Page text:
The movement got a new wave of energy when teenagers and young African Americans became politicized and joined the battle. But to go forward, the movement turned to its own past and one of its greatest leaders, Randolph, longtime president of the Brotherhood of Sleeping Car Porters. Decades earlier, he’d been invited to the White House to meet with Franklin Delano Roosevelt to talk about his battle to end discriminatory hiring practices by U.S. military contractors.
At the time, Randolph called for a national march on Washington. It didn’t occur then, largely because FDR wasted no time signing an executive order banning discrimination in hiring by government contractors and establishing the fair employment practices committee.
Twenty-two years later, the civil rights movement revived Randolph’s call for a national march and the first organizing committee meeting was held July 1 at the apartment of Bayard Rustin, Randolph’s protege and a key figure in the rights movement.
Many wanted Rustin to head the organizing effort for the march, but others opposed it because Rustin was a former member of a communist organization and openly gay. Randolph, the movement’s elder statesman, was named convener of the march and Rustin became his hands-on deputy.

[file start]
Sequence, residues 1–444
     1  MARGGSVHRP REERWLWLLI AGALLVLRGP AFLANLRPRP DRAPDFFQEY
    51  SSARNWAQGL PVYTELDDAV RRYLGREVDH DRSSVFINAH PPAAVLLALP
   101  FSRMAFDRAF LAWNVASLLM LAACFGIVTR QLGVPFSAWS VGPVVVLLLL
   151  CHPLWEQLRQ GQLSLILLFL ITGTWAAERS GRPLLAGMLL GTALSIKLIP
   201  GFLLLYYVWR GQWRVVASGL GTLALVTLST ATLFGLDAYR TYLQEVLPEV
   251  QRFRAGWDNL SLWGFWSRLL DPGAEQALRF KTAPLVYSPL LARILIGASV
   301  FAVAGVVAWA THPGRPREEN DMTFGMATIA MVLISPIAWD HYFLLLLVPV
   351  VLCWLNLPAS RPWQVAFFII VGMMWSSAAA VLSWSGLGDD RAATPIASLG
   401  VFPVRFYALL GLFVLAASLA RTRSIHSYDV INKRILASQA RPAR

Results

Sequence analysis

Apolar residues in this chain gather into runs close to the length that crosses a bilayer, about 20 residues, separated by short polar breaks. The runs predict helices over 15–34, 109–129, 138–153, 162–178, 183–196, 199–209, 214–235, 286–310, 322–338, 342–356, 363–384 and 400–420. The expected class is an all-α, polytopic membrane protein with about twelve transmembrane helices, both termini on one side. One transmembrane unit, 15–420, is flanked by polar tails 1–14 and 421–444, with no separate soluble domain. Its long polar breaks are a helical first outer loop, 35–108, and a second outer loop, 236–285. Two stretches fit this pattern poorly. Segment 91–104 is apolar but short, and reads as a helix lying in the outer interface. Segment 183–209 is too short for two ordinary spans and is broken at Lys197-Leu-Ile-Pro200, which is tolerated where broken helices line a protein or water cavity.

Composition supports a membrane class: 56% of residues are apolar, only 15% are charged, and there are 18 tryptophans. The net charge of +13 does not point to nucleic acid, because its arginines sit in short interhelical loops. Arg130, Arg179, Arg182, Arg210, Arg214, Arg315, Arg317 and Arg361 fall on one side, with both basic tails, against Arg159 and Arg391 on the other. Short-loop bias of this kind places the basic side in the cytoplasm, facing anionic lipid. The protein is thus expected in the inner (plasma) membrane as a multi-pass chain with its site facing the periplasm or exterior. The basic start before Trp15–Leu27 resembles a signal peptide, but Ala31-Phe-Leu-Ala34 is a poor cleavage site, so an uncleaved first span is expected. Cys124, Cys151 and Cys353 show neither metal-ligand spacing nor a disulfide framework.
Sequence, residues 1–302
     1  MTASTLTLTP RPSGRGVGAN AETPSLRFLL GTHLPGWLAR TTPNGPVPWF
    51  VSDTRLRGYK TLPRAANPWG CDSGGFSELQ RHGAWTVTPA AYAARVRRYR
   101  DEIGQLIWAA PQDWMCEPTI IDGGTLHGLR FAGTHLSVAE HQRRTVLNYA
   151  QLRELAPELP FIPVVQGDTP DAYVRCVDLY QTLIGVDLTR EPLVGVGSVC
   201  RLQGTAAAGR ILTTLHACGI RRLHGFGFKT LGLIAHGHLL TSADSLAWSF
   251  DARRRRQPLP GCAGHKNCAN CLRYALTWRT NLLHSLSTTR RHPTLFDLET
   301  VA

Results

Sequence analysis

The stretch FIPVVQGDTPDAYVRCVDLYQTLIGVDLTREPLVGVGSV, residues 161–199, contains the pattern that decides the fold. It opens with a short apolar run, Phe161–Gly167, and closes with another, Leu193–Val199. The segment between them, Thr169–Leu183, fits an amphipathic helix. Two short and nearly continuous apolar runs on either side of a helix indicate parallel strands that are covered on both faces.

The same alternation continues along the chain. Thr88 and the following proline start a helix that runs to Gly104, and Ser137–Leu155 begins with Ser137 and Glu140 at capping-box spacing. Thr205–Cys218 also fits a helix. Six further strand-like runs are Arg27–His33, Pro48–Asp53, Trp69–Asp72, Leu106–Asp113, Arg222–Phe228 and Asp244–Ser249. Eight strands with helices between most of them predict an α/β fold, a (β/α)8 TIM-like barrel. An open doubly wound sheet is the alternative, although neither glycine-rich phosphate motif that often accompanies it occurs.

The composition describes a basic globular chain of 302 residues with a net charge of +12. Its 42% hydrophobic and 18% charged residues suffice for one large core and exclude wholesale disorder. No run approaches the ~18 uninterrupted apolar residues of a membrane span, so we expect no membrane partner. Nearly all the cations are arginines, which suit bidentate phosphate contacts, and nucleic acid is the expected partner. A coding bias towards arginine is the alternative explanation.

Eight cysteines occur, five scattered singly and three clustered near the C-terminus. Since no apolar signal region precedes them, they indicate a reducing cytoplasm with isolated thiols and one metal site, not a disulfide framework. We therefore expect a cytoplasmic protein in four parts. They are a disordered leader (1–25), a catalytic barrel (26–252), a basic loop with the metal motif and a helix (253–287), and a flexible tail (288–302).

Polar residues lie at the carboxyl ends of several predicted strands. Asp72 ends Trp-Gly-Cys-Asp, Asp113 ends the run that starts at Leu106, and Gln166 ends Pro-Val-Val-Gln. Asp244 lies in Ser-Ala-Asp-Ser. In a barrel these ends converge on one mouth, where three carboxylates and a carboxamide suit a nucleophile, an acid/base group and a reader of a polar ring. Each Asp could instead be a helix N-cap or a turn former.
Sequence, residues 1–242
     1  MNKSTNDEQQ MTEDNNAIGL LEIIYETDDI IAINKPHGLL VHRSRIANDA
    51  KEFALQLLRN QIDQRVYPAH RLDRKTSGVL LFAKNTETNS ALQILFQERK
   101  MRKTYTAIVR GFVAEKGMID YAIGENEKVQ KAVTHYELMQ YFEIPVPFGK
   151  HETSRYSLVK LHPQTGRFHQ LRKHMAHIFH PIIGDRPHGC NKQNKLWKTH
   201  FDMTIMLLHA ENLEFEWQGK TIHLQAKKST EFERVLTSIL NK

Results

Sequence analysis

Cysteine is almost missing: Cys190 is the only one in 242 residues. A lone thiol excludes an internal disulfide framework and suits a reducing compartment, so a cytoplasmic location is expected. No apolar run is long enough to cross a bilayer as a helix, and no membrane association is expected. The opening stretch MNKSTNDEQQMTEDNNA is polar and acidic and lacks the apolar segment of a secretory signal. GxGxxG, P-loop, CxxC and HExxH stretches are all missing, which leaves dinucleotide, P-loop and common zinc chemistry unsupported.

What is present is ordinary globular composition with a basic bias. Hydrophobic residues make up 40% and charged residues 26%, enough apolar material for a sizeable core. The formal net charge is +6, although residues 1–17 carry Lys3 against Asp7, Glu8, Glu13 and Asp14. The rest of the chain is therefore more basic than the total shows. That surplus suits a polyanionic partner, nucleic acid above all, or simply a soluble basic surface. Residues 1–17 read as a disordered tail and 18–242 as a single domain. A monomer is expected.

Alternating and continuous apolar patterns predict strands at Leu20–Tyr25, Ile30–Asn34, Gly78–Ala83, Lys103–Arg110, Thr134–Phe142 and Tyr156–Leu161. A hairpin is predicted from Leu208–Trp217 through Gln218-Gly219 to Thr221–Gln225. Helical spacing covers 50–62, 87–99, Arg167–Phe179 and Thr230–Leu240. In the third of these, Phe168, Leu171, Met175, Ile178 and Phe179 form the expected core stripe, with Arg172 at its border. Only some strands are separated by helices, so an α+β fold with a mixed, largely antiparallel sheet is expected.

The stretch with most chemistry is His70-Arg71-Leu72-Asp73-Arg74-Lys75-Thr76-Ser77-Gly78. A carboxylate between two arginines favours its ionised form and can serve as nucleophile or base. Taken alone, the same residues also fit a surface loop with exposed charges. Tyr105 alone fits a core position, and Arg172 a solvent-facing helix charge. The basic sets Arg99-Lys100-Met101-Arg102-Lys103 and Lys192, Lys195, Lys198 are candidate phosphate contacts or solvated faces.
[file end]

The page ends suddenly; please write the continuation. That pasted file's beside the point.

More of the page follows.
The march had to be organized in just eight weeks, but the goal was met, largely by volunteers working 18-hour days and by field organizer Norman Hill traveling all over the country to create local coalitions of various civil rights groups.
Entertainer Harry Belafonte worked his industry, enlisting support from heavyweights like Steve McQueen, Marlon Brando, Burt Lancaster and others. On the day of the march, studios all over Hollywood suspended production to allow their talent to head to Washington on chartered planes.
The film benefits from first-hand memories by participants like Congressman John Lewis, Joan Baez, Norman Hill, Belafonte, Julian Bond, Diahann Carroll, Andrew Young, newsman Roger Mudd, who covered the march as a fledging CBS reporter, and Rachelle Horowitz, the longtime Rustin aide who was the transportation organizer for the march.
We know about the march today largely through King’s speech. The PBS film gives us greater perspective and insight, probing the conflicted attitudes toward civil rights in the Kennedy administration.
Of course, there is much more the documentary could have explored, such as how the march fits in one of the single most decisive years in American history, a year that saw the death of Medgar Evers, and, later on, the death of a president. In a brief afterword, the film includes footage of President Lyndon B. Johnson signing the 1964 Civil Rights Act, first proposed on June 11, 1963, by Kennedy as an anti-segregation bill. Kennedy went on TV that very night, telling American TV viewers that “race has no place in American life or law.”
Hearing that today, no thinking person can help acknowledging how far we’ve come, yes, but also asking themselves how much farther we have yet to go. How accurate are Kennedy’s words 50 years later? Viewing “The March” is complete only if we ask ourselves that question.